Escaping winter

The inaugural dump

I write this mostly for my own benefit as Robbie and I and the extended de Fleuriot’s are booking it to the south where we will spend Christmas. While I am there enjoying the heat and the truly warm sun (not the relative warm sun we get here in AB) I am sure that the tricks of winter will escape my mind and I might have to learn them all over again. So I have decided to draw my thoughts out of my brain and onto the keyboard in order that I may not forget them.

I admit that my true winter experience is limited, however, last year I did think about winter and how to deal with its sneaky ways quite a bit. I am sure that my true Albertan friends may find my ways extreme or ridiculous, but that’s ok because I can probably dress and cope with 6 months of seemingly strait rain in a manner that they may not possess.

My thoughts of note are as follows:

1. Embrace the ice. It will be there for a long time. The most important part of this process is buying ice-worthy shoes. This means forget walking outside in flats, toms, or any flimsy shoe with no grip. The ice is navigable. It is indeed possible to be the master of the vast seas of ice. Start by walking with purpose. Each footstep must hit the ground decisively or else somehow the ice will know that you are afraid of it’s potential peril. You will mostly win this battle, but with this combative attitude you also must accept that you will inevitably fail. Sometimes it’s hilarious, sometimes it’s physio worthy… Good thing I have one of those handy specialists around.

Icy spots

2. Toques are cute, but they are also necessary. I would say that the dividing line for me for absolute needed toque wearing weather is -8 degrees and colder. This is mostly in part due to the wind chill. Holy moley that wind can truly demolish your collective body heat. And believe me… having your noggin covered is worth the static engulfed hair. I have to admit that that is the hardest part. There are those that wear toques in the winter like flip flops in the summer, I do not fall into that category. I am now prepared to have oddly shaped hair, but the flip side is I will be warm enough to think coherently.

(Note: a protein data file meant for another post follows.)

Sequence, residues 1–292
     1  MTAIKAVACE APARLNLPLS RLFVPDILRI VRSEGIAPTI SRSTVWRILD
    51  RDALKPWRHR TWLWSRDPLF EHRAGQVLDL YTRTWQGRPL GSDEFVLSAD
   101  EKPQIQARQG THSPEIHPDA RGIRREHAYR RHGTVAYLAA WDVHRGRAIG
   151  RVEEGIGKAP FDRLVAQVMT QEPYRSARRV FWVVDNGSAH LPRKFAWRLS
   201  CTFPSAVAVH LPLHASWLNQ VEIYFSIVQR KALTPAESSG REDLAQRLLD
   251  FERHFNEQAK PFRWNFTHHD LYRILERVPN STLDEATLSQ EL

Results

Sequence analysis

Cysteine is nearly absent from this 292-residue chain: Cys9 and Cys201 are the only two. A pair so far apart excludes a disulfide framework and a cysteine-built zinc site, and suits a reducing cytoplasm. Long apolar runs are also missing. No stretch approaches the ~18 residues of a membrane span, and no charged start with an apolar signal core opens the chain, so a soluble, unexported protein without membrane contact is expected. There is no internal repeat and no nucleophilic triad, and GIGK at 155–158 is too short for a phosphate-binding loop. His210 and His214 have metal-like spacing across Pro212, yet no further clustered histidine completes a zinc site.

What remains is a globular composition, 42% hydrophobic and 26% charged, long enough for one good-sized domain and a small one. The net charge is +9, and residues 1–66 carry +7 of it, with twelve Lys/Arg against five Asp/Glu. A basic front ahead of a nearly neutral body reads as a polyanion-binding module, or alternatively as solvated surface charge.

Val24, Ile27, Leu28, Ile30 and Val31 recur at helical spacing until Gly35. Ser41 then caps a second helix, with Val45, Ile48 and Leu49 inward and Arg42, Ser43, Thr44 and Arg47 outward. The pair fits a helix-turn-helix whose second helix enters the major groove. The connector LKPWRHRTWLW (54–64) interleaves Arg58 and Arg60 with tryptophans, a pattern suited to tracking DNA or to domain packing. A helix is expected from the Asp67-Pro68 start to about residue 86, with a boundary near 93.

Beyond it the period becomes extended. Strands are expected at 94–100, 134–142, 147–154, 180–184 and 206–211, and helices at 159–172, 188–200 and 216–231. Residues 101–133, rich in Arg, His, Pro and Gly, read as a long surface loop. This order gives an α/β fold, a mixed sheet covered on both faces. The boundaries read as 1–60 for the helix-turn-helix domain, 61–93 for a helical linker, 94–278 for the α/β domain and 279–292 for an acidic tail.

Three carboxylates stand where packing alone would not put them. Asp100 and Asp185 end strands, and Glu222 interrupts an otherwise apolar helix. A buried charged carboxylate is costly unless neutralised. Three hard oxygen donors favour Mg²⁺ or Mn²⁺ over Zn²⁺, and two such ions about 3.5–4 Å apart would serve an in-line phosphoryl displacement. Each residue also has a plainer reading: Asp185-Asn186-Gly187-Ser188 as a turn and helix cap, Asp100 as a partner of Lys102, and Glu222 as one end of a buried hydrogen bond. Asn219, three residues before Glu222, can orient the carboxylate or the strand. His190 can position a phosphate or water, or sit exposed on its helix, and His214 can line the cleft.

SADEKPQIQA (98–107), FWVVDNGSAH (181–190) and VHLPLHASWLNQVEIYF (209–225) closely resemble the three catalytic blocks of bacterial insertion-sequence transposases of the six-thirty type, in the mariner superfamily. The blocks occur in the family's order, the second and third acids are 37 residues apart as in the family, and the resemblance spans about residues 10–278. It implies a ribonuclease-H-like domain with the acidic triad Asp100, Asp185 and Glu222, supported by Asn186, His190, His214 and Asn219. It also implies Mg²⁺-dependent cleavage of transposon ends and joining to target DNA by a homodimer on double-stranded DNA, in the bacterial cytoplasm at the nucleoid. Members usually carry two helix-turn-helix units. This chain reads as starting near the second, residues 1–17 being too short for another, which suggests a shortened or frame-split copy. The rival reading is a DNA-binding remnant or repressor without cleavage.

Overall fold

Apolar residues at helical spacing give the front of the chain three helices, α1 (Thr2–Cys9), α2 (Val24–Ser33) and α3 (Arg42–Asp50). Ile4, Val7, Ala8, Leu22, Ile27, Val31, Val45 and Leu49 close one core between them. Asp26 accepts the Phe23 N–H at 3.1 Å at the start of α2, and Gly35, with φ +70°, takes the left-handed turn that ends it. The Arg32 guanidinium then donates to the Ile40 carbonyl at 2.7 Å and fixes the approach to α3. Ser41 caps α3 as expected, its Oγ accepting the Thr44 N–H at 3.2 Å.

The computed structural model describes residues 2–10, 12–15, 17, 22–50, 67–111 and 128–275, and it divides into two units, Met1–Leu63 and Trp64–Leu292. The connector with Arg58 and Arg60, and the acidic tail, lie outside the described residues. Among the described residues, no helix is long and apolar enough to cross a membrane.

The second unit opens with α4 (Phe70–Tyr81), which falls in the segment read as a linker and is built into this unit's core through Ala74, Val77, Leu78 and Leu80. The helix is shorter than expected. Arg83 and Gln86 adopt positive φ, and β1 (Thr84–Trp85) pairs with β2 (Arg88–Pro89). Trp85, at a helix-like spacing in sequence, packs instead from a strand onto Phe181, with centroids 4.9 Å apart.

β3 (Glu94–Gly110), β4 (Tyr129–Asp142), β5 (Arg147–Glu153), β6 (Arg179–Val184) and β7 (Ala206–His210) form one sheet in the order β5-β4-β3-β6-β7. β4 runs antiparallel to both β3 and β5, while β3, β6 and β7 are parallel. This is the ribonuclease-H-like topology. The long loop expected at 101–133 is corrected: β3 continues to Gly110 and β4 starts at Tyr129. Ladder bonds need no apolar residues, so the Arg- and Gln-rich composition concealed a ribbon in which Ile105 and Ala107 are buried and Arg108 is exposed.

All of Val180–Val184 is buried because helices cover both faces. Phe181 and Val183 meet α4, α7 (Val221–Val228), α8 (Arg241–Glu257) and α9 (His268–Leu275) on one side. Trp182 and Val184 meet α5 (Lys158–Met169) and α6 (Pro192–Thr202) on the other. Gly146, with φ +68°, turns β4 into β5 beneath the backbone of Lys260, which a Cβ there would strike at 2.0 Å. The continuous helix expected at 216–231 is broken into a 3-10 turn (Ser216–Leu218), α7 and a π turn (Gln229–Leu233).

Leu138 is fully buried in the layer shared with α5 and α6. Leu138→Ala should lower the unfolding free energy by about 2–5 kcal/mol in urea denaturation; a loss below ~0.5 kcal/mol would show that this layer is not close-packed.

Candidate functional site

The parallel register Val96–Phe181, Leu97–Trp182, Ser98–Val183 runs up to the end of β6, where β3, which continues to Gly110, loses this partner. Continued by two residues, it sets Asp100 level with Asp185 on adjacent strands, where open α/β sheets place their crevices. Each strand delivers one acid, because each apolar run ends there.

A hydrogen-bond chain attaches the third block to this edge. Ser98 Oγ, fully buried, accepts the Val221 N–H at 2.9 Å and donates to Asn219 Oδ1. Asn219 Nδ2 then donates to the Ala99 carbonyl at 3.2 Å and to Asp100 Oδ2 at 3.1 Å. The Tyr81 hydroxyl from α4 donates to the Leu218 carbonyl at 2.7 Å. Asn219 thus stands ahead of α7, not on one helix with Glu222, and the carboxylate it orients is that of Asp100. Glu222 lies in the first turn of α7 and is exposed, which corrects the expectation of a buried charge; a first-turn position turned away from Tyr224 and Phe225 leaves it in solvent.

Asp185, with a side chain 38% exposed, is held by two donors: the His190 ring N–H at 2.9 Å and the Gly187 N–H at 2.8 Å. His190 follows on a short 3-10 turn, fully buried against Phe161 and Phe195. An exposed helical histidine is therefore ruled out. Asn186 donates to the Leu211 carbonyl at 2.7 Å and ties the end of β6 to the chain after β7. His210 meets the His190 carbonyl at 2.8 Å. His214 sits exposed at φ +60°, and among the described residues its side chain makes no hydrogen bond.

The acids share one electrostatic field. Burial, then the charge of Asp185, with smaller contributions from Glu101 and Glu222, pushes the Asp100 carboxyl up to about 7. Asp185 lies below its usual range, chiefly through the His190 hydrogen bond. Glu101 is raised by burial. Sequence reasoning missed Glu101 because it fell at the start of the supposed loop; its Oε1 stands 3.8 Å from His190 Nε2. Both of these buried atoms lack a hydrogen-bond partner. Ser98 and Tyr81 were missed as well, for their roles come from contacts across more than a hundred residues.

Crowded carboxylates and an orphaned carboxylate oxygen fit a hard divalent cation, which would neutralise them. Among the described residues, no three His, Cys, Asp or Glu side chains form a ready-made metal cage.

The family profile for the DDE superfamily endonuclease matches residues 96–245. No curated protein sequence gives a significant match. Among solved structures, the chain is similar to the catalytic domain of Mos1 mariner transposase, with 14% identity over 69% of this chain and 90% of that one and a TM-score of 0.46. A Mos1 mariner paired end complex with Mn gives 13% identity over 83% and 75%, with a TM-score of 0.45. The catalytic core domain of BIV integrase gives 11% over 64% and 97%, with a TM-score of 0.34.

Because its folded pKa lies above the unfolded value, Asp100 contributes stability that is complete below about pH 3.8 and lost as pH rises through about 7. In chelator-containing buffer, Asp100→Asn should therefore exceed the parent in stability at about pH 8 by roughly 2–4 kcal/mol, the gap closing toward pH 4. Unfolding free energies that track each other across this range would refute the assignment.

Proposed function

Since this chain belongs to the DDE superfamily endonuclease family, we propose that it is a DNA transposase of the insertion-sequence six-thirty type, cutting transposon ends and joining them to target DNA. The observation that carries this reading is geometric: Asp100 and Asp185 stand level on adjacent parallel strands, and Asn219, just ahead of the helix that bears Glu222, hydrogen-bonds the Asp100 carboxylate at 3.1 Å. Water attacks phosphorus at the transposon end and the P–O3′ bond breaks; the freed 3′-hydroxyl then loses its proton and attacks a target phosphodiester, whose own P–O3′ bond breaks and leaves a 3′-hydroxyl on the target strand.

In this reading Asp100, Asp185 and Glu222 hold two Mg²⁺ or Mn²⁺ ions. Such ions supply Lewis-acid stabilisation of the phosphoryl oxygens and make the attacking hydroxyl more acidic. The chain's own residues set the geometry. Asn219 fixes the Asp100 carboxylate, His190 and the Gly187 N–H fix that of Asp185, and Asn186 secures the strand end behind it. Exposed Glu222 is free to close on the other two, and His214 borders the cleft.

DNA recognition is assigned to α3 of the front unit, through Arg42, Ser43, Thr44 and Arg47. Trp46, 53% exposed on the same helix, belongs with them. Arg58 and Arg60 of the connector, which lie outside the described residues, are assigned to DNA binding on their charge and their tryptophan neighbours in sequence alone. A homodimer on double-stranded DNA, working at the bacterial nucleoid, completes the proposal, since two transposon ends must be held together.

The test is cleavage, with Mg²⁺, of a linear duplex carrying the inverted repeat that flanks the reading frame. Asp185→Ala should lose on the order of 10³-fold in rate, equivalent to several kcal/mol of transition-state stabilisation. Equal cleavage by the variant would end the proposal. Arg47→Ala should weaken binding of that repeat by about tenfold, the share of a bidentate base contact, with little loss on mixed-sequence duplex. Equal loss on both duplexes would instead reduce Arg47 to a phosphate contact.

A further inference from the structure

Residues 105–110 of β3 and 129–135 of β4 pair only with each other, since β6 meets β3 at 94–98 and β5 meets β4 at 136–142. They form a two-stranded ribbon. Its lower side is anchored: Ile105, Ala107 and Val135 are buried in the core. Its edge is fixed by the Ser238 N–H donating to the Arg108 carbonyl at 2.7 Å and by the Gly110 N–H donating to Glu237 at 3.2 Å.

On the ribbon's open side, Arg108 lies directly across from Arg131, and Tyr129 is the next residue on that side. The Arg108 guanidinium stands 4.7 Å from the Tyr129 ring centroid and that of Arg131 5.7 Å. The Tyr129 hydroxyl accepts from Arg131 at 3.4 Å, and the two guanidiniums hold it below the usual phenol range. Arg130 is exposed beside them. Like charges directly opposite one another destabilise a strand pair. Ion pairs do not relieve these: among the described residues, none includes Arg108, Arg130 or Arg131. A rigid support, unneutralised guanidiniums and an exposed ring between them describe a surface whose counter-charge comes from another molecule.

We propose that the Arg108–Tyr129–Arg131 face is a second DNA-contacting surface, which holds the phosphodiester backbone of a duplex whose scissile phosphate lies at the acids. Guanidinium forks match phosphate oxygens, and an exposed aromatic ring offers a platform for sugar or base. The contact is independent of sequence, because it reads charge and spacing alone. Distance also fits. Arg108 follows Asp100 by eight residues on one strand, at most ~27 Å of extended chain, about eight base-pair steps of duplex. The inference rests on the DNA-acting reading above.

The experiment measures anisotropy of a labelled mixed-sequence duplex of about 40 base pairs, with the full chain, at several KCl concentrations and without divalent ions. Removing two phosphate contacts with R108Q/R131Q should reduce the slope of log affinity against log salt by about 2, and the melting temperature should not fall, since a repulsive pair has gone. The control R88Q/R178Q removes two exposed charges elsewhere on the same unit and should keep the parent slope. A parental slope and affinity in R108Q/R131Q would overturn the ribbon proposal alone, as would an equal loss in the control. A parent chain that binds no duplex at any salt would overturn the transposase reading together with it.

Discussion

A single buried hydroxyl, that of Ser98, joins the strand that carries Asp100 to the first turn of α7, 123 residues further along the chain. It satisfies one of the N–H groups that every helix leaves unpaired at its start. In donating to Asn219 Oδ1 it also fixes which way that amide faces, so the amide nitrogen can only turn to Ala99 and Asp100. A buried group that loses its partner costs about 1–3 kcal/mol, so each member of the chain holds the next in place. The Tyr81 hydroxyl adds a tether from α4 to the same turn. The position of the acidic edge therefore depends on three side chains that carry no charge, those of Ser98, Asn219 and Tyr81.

Note: wrapping a scarf around your face will save your face extreme discomfort. Breath into said scarf to increase its effectiveness.

3.  Buy winter tires. Even if you get into a fender bender you have the peace of mind to say “I even had winter tires.”

4. Be careful about when you wear long johns. They do provide necessary extra heat, but they also can quickly transition to providing unnecessary extra heat. This can cause awkwardness at social gatherings when you are in the middle of a conversation and you start to feel faint because you are so over layered. Bite the bullet, get out of the conversation and take the long johns off. Your thighs will thank you.

5. Invest in a good pair of woolen socks. Pay up $25 or more for them. This would seem absurd to me before my prairie winters, but having feeling in my toes is something I am willing to pay a premium for.

6. Lastly, while you can look ‘cute’ in winter, save it for the indoors. When you’re outside just boot up, tire up, toque up, scarf up, and sock up. Create your own subtropical climate under your many layers.

With that I won’t think about winter for a good 2 weeks until my return to Canada. I think I’ll go sit on the deck now and enjoy a cup of tea.

The Spring of Winter, which is also known as Autumn.

I was originally going to call this post “The Spring of Winter.” You see the idea was that I would explain the difficulties of being in the in between of a season before its true self is made known, like how in Spring you often wear a skirt of flip flops before you really should wear them. You get cold and wet and you often regret it. It’s a hazard of the transition. In the case of winter it is confusing in how it’s milder days remind us just how bitter and cold it really can be at it’s worse, but it is not really that bad yet so we overcompensate. So I thought a clever title was ‘The Spring of Winter.’ However, Robbie pointed out that we already have a word for that or rather an entire season for that particular process: Autumn. I guess he got me there. We had a good laugh over that one. And with that self mockery I will commence.